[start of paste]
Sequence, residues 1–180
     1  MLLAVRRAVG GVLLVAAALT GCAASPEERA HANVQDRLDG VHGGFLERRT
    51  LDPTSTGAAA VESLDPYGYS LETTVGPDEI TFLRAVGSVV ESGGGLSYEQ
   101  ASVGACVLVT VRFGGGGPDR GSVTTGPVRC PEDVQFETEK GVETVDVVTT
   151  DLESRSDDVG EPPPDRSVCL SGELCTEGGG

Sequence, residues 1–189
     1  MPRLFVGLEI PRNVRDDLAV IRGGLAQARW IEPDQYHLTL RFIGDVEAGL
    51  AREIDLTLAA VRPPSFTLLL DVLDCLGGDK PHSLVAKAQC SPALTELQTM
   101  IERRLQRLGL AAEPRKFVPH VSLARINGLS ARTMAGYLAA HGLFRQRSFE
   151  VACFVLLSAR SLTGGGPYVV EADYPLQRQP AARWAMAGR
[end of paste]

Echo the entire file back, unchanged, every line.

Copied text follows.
Sequence, residues 1–180
     1  MLLAVRRAVG GVLLVAAALT GCAASPEERA HANVQDRLDG VHGGFLERRT
    51  LDPTSTGAAA VESLDPYGYS LETTVGPDEI TFLRAVGSVV ESGGGLSYEQ
   101  ASVGACVLVT VRFGGGGPDR GSVTTGPVRC PEDVQFETEK GVETVDVVTT
   151  DLESRSDDVG EPPPDRSVCL SGELCTEGGG

Sequence, residues 1–189
     1  MPRLFVGLEI PRNVRDDLAV IRGGLAQARW IEPDQYHLTL RFIGDVEAGL
    51  AREIDLTLAA VRPPSFTLLL DVLDCLGGDK PHSLVAKAQC SPALTELQTM
   101  IERRLQRLGL AAEPRKFVPH VSLARINGLS ARTMAGYLAA HGLFRQRSFE
   151  VACFVLLSAR SLTGGGPYVV EADYPLQRQP AARWAMAGR